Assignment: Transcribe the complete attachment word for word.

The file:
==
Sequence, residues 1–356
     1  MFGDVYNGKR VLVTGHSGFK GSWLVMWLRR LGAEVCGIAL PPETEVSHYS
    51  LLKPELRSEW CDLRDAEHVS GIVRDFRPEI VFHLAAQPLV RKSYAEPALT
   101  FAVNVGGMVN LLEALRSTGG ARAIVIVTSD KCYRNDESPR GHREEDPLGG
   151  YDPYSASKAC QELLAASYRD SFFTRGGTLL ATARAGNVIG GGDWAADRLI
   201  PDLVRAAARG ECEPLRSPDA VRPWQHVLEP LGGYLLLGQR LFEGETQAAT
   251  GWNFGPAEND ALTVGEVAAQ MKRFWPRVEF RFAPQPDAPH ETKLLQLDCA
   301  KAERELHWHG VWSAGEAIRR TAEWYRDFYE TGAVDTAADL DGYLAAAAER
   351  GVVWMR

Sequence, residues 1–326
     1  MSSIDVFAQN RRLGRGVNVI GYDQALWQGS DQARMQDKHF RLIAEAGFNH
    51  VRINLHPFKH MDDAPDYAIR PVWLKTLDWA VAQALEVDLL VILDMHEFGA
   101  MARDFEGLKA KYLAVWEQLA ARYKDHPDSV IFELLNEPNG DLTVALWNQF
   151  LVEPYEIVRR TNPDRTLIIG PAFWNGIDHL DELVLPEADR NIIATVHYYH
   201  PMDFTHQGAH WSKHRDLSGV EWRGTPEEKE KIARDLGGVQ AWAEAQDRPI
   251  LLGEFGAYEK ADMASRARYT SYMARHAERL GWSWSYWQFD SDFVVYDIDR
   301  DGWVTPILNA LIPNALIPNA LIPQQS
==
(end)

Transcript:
Sequence, residues 1–356
     1  MFGDVYNGKR VLVTGHSGFK GSWLVMWLRR LGAEVCGIAL PPETEVSHYS
    51  LLKPELRSEW CDLRDAEHVS GIVRDFRPEI VFHLAAQPLV RKSYAEPALT
   101  FAVNVGGMVN LLEALRSTGG ARAIVIVTSD KCYRNDESPR GHREEDPLGG
   151  YDPYSASKAC QELLAASYRD SFFTRGGTLL ATARAGNVIG GGDWAADRLI
   201  PDLVRAAARG ECEPLRSPDA VRPWQHVLEP LGGYLLLGQR LFEGETQAAT
   251  GWNFGPAEND ALTVGEVAAQ MKRFWPRVEF RFAPQPDAPH ETKLLQLDCA
   301  KAERELHWHG VWSAGEAIRR TAEWYRDFYE TGAVDTAADL DGYLAAAAER
   351  GVVWMR

Sequence, residues 1–326
     1  MSSIDVFAQN RRLGRGVNVI GYDQALWQGS DQARMQDKHF RLIAEAGFNH
    51  VRINLHPFKH MDDAPDYAIR PVWLKTLDWA VAQALEVDLL VILDMHEFGA
   101  MARDFEGLKA KYLAVWEQLA ARYKDHPDSV IFELLNEPNG DLTVALWNQF
   151  LVEPYEIVRR TNPDRTLIIG PAFWNGIDHL DELVLPEADR NIIATVHYYH
   201  PMDFTHQGAH WSKHRDLSGV EWRGTPEEKE KIARDLGGVQ AWAEAQDRPI
   251  LLGEFGAYEK ADMASRARYT SYMARHAERL GWSWSYWQFD SDFVVYDIDR
   301  DGWVTPILNA LIPNALIPNA LIPQQS